Some examples of this type of isomerism include: 1. Geometrical isomers of but-2-ene CH 3 C H cis-but-2-ene C H H CH3 CH 3 C C CH3 trans-but-2-ene H

Q3 Draw and name the structures of the seven isomers of C5H10O. Restrict your answers to aldehydes or ketones but remember to include chain and positional variations.

Carboxylic acids and esters
C 2 H 4 O 2 could be: ethanoic acid [CH 3 CO.OH – an acid] or methyl methanoate [HCO.OCH3 – an ester]. Similarly, C 3H 6 O 2 could be: propanoic acid [CH 3 CH 2 CO.OH], methyl ethanoate [CH3CO.OCH3] or ethyl methanoate [HCO.OCH2CH3] Q4 Draw and name the structures of the six isomers of C4H8O2. Restrict your answers to acids or esters but remember to include chain and positional variations.

2. Geometrical isomers of 2,3-dichloropent-2-ene CH 3 C Cl C Cl Cl CH 2CH3 CH 3 C C CH 2CH3 Cl

Primary, secondary and tertiary amines (A2 only):
C2H7N could be: aminoethane (ethylamine) [CH 3 CH 2 NH 2 – a primary amine] or N-methylaminomethane (N-methylmethylamine) [(CH3)2NH – a secondary amine]. Similarly, C3H9N could be: 1-aminopropane [CH3CH2CH2NH2], 2-aminopropane [CH3CH(NH2)CH3], N-methylaminoethane [CH3NHCH2CH3] or N,N-dimethylaminomethane [(CH3)3N – a tertiary amine]. Note again how positional isomerism also occurs. Q5 Draw and name the structures of the eight isomers of C4H11N. Restrict your answers to amines but remember to include chain and positional variations.

cis-2,3-dichloropent-2-ene

trans-2,3-dichloropent-2-ene

Note: Example 2 shows that the “similar” atoms bonded to C=C do not have to be H atoms. However, the two groups bonded to any particular C=C carbon must not be the same. This occurs in but-1-ene, resulting in no geometrical isomers. Similar examples would be 1,2-difluoroethene which does have geometrical isomers whereas 1,1-difluoroethene does not.

H C H but-1-ene C

CH 2CH3

H

Stereoisomers 1 : Geometrical Isomers
Remember: Isomers resulting from the atoms being bonded to form different arrangements of same groups around a planar group such as the C=C group. Geometrical isomerism (also known as cis-trans isomerism) can occur in many types of molecules but you should concentrate on examples involving alkenes. Such isomerism tends to cause the isomers to have very different physical properties but, since the functional groups have not changed, very similar chemical properties.

Exam Hint: Draw the C=C bond with it’s four other bonds and then fit in the other atoms or groups. Remember, neither C of the C=C bond can be bonded to the same group.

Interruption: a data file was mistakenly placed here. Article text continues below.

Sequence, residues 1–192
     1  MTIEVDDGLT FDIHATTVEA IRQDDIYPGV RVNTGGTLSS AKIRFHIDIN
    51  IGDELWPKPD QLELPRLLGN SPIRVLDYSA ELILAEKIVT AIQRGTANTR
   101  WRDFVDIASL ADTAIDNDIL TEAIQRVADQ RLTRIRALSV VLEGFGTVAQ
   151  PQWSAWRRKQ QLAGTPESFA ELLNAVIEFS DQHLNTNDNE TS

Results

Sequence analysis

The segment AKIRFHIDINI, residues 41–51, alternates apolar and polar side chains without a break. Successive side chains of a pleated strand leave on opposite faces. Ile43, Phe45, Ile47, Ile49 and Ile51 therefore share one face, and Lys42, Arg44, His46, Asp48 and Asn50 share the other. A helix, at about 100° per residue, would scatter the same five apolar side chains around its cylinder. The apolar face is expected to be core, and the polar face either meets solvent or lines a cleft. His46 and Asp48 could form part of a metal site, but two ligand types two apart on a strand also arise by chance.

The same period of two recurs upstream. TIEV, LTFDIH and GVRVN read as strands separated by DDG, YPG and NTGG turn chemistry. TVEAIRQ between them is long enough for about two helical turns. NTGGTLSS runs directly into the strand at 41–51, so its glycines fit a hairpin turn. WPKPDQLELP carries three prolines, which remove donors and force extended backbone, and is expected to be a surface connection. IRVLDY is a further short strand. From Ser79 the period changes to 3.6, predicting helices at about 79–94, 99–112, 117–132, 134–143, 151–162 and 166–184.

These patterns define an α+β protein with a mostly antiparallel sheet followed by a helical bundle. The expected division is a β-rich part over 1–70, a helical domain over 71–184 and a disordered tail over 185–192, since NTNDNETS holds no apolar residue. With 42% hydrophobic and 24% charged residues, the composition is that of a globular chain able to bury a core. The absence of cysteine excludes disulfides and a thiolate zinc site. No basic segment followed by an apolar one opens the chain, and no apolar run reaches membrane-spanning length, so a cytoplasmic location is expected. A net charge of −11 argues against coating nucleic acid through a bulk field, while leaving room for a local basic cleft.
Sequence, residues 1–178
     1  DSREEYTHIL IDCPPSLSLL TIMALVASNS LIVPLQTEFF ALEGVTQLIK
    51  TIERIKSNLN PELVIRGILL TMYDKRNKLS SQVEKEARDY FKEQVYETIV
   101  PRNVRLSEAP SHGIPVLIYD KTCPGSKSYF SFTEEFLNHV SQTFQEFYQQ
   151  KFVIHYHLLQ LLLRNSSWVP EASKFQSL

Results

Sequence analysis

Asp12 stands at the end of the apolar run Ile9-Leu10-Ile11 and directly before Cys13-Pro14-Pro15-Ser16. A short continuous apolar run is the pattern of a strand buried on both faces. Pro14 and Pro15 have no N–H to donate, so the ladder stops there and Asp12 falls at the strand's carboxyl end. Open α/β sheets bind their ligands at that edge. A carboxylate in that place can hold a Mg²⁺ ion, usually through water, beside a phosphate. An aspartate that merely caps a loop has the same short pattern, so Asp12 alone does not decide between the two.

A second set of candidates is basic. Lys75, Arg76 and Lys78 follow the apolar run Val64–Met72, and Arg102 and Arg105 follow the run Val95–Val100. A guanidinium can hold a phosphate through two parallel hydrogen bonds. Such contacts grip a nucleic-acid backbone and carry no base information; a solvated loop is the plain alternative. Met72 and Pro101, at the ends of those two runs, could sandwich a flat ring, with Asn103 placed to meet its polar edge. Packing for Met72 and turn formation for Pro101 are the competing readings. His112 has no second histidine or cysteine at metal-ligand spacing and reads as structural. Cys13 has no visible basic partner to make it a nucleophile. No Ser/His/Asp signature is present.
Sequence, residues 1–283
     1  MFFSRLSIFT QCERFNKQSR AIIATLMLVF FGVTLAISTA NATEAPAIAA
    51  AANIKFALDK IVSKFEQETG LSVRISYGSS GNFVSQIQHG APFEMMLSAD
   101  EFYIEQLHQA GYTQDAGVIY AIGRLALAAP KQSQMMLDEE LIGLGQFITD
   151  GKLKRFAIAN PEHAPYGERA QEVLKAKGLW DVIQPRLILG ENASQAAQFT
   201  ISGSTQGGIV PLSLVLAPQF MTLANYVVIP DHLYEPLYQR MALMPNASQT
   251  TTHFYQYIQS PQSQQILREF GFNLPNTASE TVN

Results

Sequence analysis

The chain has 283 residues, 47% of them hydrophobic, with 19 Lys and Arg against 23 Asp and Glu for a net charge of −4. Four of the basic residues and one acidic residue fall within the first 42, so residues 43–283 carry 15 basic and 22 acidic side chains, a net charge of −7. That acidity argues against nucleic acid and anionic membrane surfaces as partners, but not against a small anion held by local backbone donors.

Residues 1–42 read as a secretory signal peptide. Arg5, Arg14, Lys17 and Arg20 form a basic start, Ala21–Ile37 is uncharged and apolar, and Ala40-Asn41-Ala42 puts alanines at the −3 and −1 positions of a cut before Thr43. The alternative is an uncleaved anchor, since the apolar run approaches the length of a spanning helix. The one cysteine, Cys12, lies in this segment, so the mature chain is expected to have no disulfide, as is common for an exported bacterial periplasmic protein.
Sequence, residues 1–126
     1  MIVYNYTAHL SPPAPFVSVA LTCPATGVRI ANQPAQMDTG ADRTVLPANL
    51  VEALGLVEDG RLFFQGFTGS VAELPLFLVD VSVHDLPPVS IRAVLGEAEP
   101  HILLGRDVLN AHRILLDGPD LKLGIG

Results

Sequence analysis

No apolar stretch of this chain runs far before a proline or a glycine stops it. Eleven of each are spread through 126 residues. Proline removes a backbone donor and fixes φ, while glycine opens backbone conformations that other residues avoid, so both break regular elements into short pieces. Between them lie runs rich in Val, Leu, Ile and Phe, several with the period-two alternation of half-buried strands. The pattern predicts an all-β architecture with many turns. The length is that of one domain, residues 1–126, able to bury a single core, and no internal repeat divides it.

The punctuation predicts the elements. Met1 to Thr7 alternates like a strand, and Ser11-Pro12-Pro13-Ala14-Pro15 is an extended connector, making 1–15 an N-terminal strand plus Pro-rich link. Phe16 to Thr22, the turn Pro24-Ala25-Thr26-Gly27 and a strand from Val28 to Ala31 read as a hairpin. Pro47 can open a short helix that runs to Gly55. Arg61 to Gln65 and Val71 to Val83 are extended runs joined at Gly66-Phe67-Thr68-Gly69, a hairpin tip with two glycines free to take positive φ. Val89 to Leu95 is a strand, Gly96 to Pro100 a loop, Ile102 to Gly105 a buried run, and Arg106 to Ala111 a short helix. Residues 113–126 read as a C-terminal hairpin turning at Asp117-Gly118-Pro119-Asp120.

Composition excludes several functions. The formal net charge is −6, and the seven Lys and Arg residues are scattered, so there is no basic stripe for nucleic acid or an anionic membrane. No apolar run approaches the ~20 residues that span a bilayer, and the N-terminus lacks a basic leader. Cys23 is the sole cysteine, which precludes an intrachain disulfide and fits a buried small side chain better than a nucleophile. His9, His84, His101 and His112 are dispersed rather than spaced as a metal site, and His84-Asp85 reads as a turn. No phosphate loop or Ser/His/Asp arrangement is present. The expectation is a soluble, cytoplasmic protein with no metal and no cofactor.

Q6 (a) Draw and name the structures of geometrical isomers of (a) hex-3-ene (b) 1,2-dibromoethene (c) 2-chlorobut-2-ene.

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93. Isomerism in Organic Chemistry
Stereoisomers 2 : Optical Isomers (A2 only)
Remember.: Isomers resulting from the atoms being bonded to form different 3D arrangements, around a central carbon atom, which are non-identical mirror images of each other. Optical isomers (also known as enantiomers) always occur in pairs and have identical chemical and physical properties, except that one structure rotates the plane of plane-polarized light (p.p.l.) clockwise and the other rotates it anti-clockwise. This is referred to as their optical activity. Optical isomers can occur if there is an asymmetric (also called chiral) carbon atom (marked *). This is a carbon atom which is bonded (tetrahedrally) to four different groups. Consider the general structures shown, where W-Z represent these four different groups.

Chem Factsheet
Answers to questions in text
Q1 CH3CH2CH2CH2CH2CH3 – hexane ; CH3CH(CH3)CH2CH2CH3 – 2-methylpentane ; CH3CH2CH(CH3)CH2CH3–3-methylpentane; CH3C(CH3)2CH2CH3 – 2,2-dimethylbutane ; CH3CH(CH3)CH(CH3)CH3 – 2,3-dimethylbutane. Q2 CH3CH2CHCl2 – 1,1-dichloropropane ; CH3CCl2CH3 – 2,2-dichloropropane ; CH3CHClCH2Cl – 1,2-dichloropropane CH2ClCH2ICH2Cl - 1,3-dichloropropane Q3 CH3CH2CH2CH2CHO – pentanal ; CH3CO.CH2CH2CH3 – pentan-2-one ; CH3 CH2CO.CH2CH3 – pentan-3-one ; CH3CH2CH(CH3)CHO – 2-methylbutananal ; CH3CH(CH3)CH2CHO– 3-methylbutananal ; CH3CO.CH(CH3)CH3 – 3-methylbutan-2-one ; CH3C(CH3)2CHO – 2,2-dimethylpropanal X Q4 CH3CH2CH2COOH – butanoic acid ; CH3CH(CH3)COOH – 2-methylpropanoic acid ; CH3CH2COOCH3 – methyl propanaote ; CH3COOCH2CH3 – ethyl ethanoate ; HCOOCH2CH2CH3 – (1-propyl) methanoate ; HCOOCH(CH3)CH3 – (2-propyl) methanoate ; Q5 CH3CH2CH2CH2NH2 – 1-aminobutane ; CH3CH2CH(NH2)CH3 – 2-aminobutane ; CH3CH(CH3)CH2NH2 – 1-amino-2-methylpropane ; CH3C(CH3)2NH2 – 2-amino-2-methylpropane ; CH3CH2CH2NHCH3 – N-methyl-1-aminopropane ; CH3CH(CH3)NHCH3 – N-methyl-2-aminopropane ; CH3CH2NHCH2CH3 – N-ethyl-aminoethane ; CH3CH2N(CH3)2 – N,N-dimethyl-aminoethane. CH3CH 2 Q6 (a) CH3CH 2 CH2CH3 C H (b) OH C C C C Br Br cis-1,2-dibromethane H (C) CH3 C C CH 3 H Br trans-1,2-dibromethane CH3 C C H H C H H H H C C

W

W * C

* C X

Z Y

Z Y

imaginary mirror